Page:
According to Eggerichs, a man should be loving so that his wife will give him respect. Unfortunately, by “respect”, he isn’t thinking of simple kindness and consideration. No, his idea of respect looks more like flattery, groveling, and a total lack of boundaries. He never explicitly says so, of course, but this is a conclusion one inevitably arrives at as the book progresses (and, in the absence of any clearly stated definition, I think it is a reasonable one).
For instance, husbands have the right not to be criticized or reminded of things they may have forgotten (p. 12). They have the right to be told that their wives admire them — whether or not this is actually the case (p. 212). They have the right to “call the shots” (p. 220). They have the right to sex whenever they feel like it, or else they will “come under satanic attack” (p. 252). (How’s that for a thought to put you “in the mood”?) They have the right to be sure that their wives make less money than they do, so that they never feel financially inadequate (p. 208). (No, I’m not making this up. I almost wish I were.)
Even more horrifyingly, men even have the right to be absolved of blame for extramarital affairs if they aren’t getting enough respect (or enough sex): “A man who strays is usually given total blame for his affair, but in many cases he is the victim of temptation that his wife helped bring upon him” (p. 253). (Which reminds me of a joke by egalitarian blogger Tim Fall: “When my right eye causes me to stumble, I tell the ladies to put on more clothes.”) Eggerichs quotes the wife of one cheating husband as saying: “She [the other woman] thought he hung the moon. Every remark he made to her was witty; everything he did was perfect. In her eyes he was the most handsome, intelligent, funny man in the world. He needed an ego boost, and she was ready and willing to be that for him” (p.68).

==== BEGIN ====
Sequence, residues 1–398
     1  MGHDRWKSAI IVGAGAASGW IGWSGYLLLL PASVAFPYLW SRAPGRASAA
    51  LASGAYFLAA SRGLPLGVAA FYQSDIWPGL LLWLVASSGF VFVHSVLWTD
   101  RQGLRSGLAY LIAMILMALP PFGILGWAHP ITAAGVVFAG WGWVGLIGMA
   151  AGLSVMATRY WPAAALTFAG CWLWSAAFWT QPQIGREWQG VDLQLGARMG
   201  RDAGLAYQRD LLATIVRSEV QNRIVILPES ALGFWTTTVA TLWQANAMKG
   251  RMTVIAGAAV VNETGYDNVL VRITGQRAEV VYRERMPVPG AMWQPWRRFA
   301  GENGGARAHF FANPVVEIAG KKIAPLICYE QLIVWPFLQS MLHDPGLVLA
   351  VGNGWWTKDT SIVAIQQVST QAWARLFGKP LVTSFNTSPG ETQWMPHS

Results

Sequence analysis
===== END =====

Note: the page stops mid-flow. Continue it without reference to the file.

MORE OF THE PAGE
Here’s the truly confounding part. In all of this, it never crosses Dr. Eggerichs’ mind to question the legitimacy of men’s supposed “need” for an ego boost. It never occurs to him to consider that other factors, such as culturally-ingrained notions of machismo and bravado, or even a man’s own sinful nature, might be at least partially responsible for such a “need.” At the very least, you would expect him to condemn the sin of adultery.